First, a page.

(HUDSON, N.Y.) – Color Panels, a series of color study paintings by Paul Schuchman, and Urban, a group photography exhibit featuring work by Kim McLean, Art Murphy, Elliott Kaufman, Laura Resen, Martin Rich, Peter Liepke and Harry Wilks, are on display at Carrie Haddad Gallery through Sunday, May 26, 2013. The seven photographers included in Urban offer distinctly different urban views – romantic, abstracted, reflected, repetitive, even “re-imagined” cities.
Paul Schuchman is a self-taught artist living in Hudson. Several years ago he retired as a librarian/cataloguer at the Frick Art Reference Library in New York. Schuchman now devotes his time to painting and the study of the aesthetics of color and design. The “color panels” are carefully rendered bands of color outlined in “contrasting” narrower bands of color based on Goethe’s theory of color. Schuchman paints with pure pigments (pale violet/naples yellow, cerulean blue/orange, red/green) so that the colors appear to float within the narrow panels.
Urba, focuses on views of cities, factories, residences and anything urban. Most works are presented as digital prints, with the exception of several bi-chromate albumen prints.
A pronounced spatial ambiguity exists in Kim McLean’s virtual worlds created from digitally reconstructed images. In Postignano, the famed Italian hill town is “re-imagined” using an architectural software program. A process of rich visual layering superimposes the telephone directory pages over building block forms to create an imagined world. McLean has worked as a graphic designer, artists’ fabricator and professor of 3-D Design. He holds an MFA from the University of Wisconsin in Madison.
The elegance of structural engineering is evident in Harry Wilks’ abstracted views of roads and bridges. Highline #41 is a particularly poignant image of geometric black and white painted storage containers on the transformed West Side Highway with the city skyline in fog as backdrop.
Art Murphy has always been interested in the past, focusing on industrial archeological studies of New York and other abandoned sites. In this exhibit he documents the “Romanticism” tucked away in corners of the city. His haunting images of Ellis Island and the city market at Hunts Point bring to mind the now-lost Paris of French photographer Eugene Atget.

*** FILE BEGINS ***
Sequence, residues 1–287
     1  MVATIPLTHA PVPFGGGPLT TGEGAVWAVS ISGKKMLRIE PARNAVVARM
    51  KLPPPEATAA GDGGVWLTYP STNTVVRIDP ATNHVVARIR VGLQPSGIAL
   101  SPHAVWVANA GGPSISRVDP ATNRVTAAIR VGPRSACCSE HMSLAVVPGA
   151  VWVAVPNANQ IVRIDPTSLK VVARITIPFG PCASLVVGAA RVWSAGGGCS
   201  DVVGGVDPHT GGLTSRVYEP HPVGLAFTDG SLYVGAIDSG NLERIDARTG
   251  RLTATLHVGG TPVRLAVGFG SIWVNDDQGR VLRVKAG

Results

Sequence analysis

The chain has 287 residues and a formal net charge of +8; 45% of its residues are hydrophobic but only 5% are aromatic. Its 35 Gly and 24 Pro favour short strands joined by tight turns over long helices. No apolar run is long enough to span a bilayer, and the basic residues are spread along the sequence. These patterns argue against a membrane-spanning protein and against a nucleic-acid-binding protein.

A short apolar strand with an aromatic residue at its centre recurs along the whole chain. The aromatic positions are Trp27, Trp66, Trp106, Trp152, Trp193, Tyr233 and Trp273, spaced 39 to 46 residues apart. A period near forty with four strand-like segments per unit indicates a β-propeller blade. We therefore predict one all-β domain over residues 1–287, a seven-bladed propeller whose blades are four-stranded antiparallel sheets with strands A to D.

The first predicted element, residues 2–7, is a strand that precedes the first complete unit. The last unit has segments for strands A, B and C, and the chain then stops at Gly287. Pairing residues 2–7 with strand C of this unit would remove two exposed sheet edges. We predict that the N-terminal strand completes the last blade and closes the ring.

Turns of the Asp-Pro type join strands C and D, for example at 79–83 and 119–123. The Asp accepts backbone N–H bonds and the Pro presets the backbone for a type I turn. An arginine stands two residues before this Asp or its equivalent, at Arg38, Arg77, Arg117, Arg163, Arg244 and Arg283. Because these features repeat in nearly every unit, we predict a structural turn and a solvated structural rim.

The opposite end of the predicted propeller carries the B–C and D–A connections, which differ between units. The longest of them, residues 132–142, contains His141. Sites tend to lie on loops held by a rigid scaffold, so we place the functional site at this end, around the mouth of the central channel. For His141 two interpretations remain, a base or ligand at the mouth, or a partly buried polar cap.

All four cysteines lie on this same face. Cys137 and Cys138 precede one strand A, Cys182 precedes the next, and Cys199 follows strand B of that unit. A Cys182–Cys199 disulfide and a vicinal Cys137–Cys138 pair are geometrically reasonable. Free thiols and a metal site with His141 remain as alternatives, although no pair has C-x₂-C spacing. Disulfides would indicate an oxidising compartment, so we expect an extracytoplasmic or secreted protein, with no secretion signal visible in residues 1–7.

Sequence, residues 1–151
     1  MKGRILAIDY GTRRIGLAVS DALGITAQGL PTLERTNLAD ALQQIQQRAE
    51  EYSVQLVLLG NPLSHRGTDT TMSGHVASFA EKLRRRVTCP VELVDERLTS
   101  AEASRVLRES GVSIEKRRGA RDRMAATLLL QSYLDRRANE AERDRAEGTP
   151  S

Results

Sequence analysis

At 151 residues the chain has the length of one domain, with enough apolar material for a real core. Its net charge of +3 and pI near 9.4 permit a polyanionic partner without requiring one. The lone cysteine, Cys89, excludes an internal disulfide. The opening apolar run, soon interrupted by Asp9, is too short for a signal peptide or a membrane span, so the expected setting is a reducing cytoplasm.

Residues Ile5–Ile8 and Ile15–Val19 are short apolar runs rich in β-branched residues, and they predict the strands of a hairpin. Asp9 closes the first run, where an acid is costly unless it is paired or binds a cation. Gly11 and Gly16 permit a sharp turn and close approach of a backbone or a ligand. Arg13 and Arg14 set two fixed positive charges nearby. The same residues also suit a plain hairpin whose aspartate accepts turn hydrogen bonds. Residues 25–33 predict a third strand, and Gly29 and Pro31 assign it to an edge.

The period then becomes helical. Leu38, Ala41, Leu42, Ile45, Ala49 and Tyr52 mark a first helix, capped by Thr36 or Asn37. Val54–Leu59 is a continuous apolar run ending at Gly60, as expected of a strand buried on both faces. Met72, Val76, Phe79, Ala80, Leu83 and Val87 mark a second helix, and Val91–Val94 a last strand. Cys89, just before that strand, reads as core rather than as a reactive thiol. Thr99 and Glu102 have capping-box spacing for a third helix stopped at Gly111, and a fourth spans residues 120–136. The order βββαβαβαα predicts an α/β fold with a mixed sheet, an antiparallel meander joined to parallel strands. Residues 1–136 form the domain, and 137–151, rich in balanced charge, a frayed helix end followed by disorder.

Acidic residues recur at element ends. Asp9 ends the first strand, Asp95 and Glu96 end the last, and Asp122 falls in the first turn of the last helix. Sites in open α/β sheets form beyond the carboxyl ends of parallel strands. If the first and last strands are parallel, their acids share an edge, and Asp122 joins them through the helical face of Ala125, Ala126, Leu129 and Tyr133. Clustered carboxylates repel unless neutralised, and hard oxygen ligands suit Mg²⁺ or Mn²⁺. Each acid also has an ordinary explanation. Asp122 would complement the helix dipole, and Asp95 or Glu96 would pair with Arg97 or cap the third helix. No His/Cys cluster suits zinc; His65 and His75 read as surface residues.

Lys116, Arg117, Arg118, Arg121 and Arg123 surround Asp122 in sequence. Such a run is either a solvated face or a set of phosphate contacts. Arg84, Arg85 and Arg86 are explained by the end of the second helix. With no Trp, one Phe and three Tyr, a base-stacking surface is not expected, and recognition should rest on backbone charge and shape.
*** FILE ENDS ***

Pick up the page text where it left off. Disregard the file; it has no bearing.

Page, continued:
Elliott Kaufman observes light and how the environment, whether built or natural, is altered by the movement of light. In this series, he captures the energized “street dance” of the city, the movement, the multiple sequences, and the refracted light of the Hudson River. Kaufman sees the rhythms of architecture as influential to his imagery of time.
Laura Resen blurs the interior and exterior worlds in photographs shot through gridded windows onto a blue-tinged cityscape reflecting back into the interior. Resen has a fine art degree from Cooper Union and has worked in the photography world since 1982. Distinguished in the commercial, editorial, and art worlds, her work has been commissioned and collected by many corporations, art dealers and collectors.
Peter Liepke’s platinum palladium prints washed with gum bichromate and printed on watercolor paper are taken with a 100-year-old Graflex sheet film camera. He celebrates the roots of photography in its purest form and strives to create a mood of reverie. These images evoke a daydream in an urban setting.
Martin Rich is interested in the ever-changing nature of the built environment. Structures over time become weathered, altered by repairs, repainted, and take on new uses. These changes affect how they are seen in a certain light of day at different points in time. For over 40 years, Rich has been working with photographs as a visual tool and an art form.
The thread running through these photographs is light in all its forms – pure, direct or fractured — as it moves through the urban landscape, real or imagined.
Carrie Haddad Gallery is located at 622 Warren Steet, Hudson, N.Y.